Theater, flowers, memories

A gardener works hard and waits patiently for change. From seemingly nothing — a seed, some dirt and water — comes something wonderful in the form a living, breathing thing.

Lee Bressette is a gardener, though she discovered the joys of plants later in life, once her three kids were grown and life settled down a little bit. She and a small group of friends are attempting to do something very like gardening: With care and patience they are transforming one thing into another.

In this case, that thing is the tragic, too-early death of Bret C. Harte (below), a promising theatrical talent who was killed at age 24 in a car accident on Highway 680 in Concord.

Bressette had known Harte for years: He was her daughter’s closest friend at Miramonte High School.

“Bret was one of the most thoughtful people I had ever met,” Bressette recalls.

In the grief-stricken daze that follows such a death, Bressette, along with her husband, Greg Walker, and their friends Carol Reed, Brian Smith, Shelley Ruhman and Gary Ledbetter, wanted to do something to help Harte’s parents, Juanita and Dennis, and to keep Bret’s memory alive.

Their inspired idea, with the help of Bret’s friend, Ian Richards, was to create a directing internship in Bret’s name at the Berkeley Rep School of Theatre.

After meetings with the theater, the group determined that to firmly establish the internship, which would support a young director to gain a foothold in the professional theater world, they would need to create an endowment of $100,000.

The first big fundraising event, a reception and silent auction, took place Feb. 2 — Bret’s birthday — and raised $14,000, to which the Hartes added $10,000.

Other donations have come in since, and the group is about halfway toward the $100,000 goal.
The next step begins today and continues through tomorrow in Bressette’s Orinda backyard. She’s hosting a plant and used book sale.

The book aspect doesn’t require much elaboration.

But the plants — they’re Bressette’s passion.

“I just love garden,” Bressette says, “and I can never throw a plant away. I read in a magazine about a woman in Oregon who started a recycled nursery that funds a spay and neuter clinic. I just thought, `Imagine what I could do in the Bay Area with all the stuff the gardeners and landscapers throw away!”’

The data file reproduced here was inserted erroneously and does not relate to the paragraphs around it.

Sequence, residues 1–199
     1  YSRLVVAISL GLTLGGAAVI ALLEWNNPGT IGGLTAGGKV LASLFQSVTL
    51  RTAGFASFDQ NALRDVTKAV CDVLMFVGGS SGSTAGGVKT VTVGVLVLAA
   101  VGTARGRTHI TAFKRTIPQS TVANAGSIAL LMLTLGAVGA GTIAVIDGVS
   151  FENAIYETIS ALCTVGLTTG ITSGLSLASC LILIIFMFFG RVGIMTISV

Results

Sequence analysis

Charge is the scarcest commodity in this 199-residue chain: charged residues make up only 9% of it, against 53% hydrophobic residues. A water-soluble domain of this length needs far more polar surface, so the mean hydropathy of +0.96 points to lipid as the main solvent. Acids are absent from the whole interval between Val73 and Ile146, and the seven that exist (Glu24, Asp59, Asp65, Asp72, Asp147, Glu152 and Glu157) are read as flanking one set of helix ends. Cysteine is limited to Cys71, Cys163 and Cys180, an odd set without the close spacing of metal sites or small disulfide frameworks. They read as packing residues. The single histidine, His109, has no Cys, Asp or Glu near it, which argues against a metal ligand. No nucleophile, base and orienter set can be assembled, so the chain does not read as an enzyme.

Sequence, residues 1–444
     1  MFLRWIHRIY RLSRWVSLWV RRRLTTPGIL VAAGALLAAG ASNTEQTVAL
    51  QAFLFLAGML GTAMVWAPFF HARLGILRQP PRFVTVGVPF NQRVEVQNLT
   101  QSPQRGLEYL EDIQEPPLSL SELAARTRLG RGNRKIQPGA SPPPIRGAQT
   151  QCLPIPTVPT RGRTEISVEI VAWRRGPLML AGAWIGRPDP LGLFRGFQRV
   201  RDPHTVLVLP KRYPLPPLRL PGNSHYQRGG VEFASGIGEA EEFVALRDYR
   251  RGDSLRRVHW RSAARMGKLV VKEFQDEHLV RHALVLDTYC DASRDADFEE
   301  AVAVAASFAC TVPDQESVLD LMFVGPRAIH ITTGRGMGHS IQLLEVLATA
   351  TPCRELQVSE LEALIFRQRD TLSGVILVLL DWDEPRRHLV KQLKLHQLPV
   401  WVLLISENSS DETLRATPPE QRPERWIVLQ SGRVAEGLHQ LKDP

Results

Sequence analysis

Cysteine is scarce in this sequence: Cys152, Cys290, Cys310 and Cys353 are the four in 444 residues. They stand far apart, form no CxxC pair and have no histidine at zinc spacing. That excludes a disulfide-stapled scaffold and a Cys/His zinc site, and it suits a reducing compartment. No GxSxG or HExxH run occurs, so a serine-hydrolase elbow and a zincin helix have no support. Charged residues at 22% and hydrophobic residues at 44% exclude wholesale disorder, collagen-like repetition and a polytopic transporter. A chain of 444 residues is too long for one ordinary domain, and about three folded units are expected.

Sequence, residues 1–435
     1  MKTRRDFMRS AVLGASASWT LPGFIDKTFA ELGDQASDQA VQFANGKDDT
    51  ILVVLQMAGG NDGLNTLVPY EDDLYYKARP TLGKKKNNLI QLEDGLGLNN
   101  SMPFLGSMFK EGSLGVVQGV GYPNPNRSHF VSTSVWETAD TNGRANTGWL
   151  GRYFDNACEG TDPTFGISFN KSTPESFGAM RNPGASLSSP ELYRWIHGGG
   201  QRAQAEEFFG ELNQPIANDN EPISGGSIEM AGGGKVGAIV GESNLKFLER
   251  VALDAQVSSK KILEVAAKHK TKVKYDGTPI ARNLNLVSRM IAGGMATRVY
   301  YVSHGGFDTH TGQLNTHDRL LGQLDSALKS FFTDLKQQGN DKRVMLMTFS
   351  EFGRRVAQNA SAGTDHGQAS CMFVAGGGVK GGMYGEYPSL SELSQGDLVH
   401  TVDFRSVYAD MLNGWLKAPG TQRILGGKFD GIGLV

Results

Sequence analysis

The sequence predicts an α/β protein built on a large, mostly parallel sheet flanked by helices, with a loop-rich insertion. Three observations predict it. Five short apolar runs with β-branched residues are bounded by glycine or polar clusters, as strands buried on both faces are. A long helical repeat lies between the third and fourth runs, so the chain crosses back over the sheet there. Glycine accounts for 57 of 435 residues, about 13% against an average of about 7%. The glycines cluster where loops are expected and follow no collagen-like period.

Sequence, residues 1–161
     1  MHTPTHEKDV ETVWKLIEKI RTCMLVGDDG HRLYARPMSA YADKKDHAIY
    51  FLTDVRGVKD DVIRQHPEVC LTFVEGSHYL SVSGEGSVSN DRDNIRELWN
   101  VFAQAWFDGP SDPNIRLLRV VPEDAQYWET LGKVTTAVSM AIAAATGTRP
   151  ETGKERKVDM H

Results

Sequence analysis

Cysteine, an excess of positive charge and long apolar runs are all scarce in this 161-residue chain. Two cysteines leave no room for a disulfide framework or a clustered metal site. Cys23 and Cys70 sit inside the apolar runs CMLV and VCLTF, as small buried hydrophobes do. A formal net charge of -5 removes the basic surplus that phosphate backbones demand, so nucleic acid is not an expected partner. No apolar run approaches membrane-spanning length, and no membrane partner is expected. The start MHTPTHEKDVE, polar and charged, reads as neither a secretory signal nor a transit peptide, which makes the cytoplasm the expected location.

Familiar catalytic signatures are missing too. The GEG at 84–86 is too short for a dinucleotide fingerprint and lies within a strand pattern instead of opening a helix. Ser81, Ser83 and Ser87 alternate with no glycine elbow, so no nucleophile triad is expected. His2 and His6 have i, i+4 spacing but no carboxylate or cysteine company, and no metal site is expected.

To begin her own trek into the world of recycled gardening, Bressette took a horticulture class at Diablo Valley College to learn how to propagate plants.

“Since then, my husband and I have retired, and we spend every minute in the garden,” says Bressette, 56 and the mother of 28-year-old twin boys and a 26-year-old daughter.
People who arrive at Bressette’s home today and tomorrow will find hundreds plants, most of which were “created” by Bressette and her husband, mostly from clippings from their own garden.

“My husband has really outdone himself in the heirloom plant area,” Bressette says. “He has hundreds of tomatoes in every color of the rainbow — purple, yellow, white, orange, red, green. They’re beautiful. He also has heirloom beans, squashes and tons and tons of herbs.”
Among the landscape plants are geraniums, many different sages (“I love the sages, and they’re drought resistant,” Bressette says), various lavenders, ground covers, bulbs, flowering plants, shade-loving fuchsias, day lilies and, in Bressette’s words, “all kinds of things hummingbirds love.”

“It doesn’t take long to propagate a clipping,” Bressette says. “We probably started most of these in February. We used the DVC greenhouse, which is where most of these were born. You take a cutting, put it in a tray full of Perlite, and maybe in a week or two, when the roots have grown, you put it in a small pot with soil. When the small pot gets to be too small, we take the plants home.”

And now the plants will be taken to other homes, all for a good cause.
Depending on the number of people who show up, Bressette says the endowment fund could earn up to $4,000.

“The Hartes are unusually wonderful people,” Bressette says. “They and their friends are the kind of people that once you come into their sphere, you never want to lose them. That is, of course, a huge reason we’re doing this. I also love it. I’m at a good place in my life to do work like this. I’ve always wanted to do something like this, and now to do it for such a good reason and to share it with people I love so much makes it an even greater experience.”

For information or to make a donation, visit www.bretchartefund.org.

1 thought on “Theater, flowers, memories

  1. You know, it’s funny… I went to see the Lesher Center’s production of Mousetrap tonight and I can’t stop thinking about acting in the same play with Bret over 3 years ago in Orinda. And I can’t stop crying now. And I feel as though I should post here that Bret is still missed by even those that knew him for a very short time.

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